It is used to define how that information will be sent and to structure the development of standards for transferring information. Since Ethernet switches operate on local area network frames at the Data Link Layer, you will sometimes hear them called link layer devices, as well as Layer 2 devices or Layer 2 switches. Ethernet switches are designed so that their operations are invisible to the devices on the network, which explains why this approach to linking networks is also called transparent bridging. The switch will automatically begin working without requiring any configuration on the switch or any changes on the part of the computers connected to the Ethernet network, making the operation of the switch transparent to them.

Next, we will look at the basic functions used in a bridge to make it possible to forward Ethernet frames from one port to another. An Ethernet switch controls the transmission of frames between switch ports connected to Ethernet cables using the traffic forwarding rules described in the IEEE Traffic forwarding is based on address learning. Switches make traffic forwarding decisions based on the bit media access control MAC addresses used in LAN standards, including Ethernet.

To do this, the switch learns which devices, called stations in the standard, are on which segments of the network by looking at the source addresses in all of the frames it receives. When an Ethernet device sends a frame, it puts two addresses in the frame. These two addresses are the destination address of the device it is sending the frame to, and the source address, which is the address of the device sending the frame. Like all Ethernet interfaces, every port on a switch has a unique factory-assigned MAC address. However, unlike a normal Ethernet device that accepts only frames addressed directed to it, the Ethernet interface located in each port of a switch runs in promiscuous mode. In this mode, the interface is programmed to receive all frames it sees on that port, not just the frames that are being sent to the MAC address of the Ethernet interface on that switch port.

As each frame is received on each port, the switching software looks at the source address of the frame and adds that source address to a table of addresses that the switch maintains. This is how the switch automatically discovers which stations are reachable on which ports. Figure shows a switch linking six Ethernet devices. As stations send traffic, the switch receives every frame sent and builds a table, more formally called a forwarding database , that shows which stations can be reached on which ports.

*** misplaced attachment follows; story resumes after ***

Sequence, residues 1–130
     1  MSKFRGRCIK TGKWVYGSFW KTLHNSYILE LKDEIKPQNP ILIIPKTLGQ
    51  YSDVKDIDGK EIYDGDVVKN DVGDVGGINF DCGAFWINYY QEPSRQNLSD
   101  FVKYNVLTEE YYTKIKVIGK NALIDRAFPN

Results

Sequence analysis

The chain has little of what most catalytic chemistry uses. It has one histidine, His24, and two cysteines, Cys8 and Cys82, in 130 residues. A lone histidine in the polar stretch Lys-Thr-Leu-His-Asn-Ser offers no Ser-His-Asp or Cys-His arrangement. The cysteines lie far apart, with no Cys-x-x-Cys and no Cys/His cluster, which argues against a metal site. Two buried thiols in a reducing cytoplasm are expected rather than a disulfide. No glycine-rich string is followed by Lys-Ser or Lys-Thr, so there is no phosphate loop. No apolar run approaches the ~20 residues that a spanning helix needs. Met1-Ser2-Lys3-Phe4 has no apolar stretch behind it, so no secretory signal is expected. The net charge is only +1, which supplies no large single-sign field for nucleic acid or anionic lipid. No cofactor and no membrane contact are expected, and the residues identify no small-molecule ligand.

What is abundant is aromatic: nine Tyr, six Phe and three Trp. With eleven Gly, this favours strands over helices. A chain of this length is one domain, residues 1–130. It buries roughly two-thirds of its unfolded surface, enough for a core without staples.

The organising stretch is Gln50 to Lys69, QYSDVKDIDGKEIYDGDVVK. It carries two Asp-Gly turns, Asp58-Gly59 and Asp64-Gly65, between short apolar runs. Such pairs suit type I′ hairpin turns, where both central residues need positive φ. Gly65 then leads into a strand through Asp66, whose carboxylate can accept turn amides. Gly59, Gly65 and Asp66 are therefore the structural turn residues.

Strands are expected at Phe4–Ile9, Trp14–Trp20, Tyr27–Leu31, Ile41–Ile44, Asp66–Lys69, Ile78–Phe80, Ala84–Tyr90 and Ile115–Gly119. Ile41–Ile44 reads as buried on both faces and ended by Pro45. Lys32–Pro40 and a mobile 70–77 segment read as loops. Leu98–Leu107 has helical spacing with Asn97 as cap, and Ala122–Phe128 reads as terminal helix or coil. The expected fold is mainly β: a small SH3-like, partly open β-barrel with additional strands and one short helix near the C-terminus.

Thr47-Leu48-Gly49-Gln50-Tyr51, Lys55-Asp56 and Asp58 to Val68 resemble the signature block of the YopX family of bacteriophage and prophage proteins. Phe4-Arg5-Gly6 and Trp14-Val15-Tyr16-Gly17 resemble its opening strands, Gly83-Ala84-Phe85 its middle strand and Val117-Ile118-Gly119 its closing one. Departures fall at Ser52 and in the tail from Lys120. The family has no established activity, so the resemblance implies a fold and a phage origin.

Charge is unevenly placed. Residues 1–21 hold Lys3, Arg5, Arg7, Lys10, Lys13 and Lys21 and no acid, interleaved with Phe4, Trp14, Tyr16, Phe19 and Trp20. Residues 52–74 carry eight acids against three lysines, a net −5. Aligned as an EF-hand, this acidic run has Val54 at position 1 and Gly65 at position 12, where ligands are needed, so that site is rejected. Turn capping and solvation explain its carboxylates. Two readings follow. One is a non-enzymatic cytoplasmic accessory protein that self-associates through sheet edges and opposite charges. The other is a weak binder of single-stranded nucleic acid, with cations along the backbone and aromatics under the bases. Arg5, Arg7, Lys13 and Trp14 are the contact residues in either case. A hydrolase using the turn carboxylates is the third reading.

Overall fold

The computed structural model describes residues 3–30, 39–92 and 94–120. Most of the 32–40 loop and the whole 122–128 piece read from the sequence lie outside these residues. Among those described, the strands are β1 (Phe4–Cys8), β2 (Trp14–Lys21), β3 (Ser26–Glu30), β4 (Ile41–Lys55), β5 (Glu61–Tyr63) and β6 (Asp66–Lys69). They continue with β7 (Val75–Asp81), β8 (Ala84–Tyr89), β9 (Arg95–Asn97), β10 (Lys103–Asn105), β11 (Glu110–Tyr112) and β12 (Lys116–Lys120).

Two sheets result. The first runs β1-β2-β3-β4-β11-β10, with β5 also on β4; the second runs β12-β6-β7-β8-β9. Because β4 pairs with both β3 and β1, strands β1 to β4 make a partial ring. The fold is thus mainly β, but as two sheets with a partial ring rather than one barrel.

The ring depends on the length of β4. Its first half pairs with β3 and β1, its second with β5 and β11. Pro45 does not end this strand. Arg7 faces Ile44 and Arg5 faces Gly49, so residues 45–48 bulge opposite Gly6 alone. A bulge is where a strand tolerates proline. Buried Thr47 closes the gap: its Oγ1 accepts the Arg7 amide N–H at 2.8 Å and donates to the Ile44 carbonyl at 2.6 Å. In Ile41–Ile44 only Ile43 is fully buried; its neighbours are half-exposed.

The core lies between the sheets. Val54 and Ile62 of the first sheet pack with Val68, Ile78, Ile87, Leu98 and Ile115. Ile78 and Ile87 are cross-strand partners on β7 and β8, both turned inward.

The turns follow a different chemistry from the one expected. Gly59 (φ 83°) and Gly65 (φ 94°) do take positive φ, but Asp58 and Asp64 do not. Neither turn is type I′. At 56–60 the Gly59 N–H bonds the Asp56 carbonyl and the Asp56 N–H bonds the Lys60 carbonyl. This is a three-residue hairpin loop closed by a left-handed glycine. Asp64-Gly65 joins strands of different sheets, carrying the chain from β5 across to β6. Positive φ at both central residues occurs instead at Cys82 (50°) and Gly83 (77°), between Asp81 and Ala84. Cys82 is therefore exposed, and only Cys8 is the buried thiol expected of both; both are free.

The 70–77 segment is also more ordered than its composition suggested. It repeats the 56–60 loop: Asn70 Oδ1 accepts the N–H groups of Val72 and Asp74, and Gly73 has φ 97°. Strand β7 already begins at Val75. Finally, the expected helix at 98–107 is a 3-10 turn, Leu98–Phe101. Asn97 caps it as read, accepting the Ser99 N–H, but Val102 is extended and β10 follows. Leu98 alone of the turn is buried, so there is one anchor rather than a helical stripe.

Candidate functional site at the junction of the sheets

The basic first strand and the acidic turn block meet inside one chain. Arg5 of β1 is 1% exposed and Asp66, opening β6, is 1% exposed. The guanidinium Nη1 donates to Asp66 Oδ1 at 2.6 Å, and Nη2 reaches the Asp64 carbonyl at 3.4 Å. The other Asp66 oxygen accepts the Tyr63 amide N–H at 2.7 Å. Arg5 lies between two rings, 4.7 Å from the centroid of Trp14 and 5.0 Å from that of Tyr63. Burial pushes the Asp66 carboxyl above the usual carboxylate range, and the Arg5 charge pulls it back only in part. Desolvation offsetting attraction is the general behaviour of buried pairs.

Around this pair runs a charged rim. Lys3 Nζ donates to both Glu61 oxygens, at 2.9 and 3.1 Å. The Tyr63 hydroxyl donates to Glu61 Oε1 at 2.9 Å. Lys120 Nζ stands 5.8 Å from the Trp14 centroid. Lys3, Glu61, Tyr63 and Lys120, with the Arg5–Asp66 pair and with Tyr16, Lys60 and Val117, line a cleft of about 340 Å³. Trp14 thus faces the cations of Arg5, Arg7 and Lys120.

After every station has transmitted at least one frame, the switch will end up with a forwarding database such as that shown in Table This database is used by the switch to make a packet forwarding decision in a process called adaptive filtering. Without an address database, the switch would have to send traffic received on any given port out all other ports to ensure that it reached its destination. With the address database, the traffic is filtered according to its destination. This ability to learn makes it possible for you to add new stations to your network without having to manually configure the switch to know about the new stations, or the stations to know about the switch. Once the switch has built a database of addresses, it has all the information it needs to filter and forward traffic selectively.

While the switch is learning addresses, it is also checking each frame to make a packet forwarding decision based on the destination address in the frame. Assume that a frame is sent from station 15 to station Since the frame is sent by station 15, the switch reads the frame in on port 6 and uses its address database to determine which of its ports is associated with the destination address in this frame. Here, the destination address corresponds to station 20, and the address database shows that to reach station 20, the frame must be sent out port 2.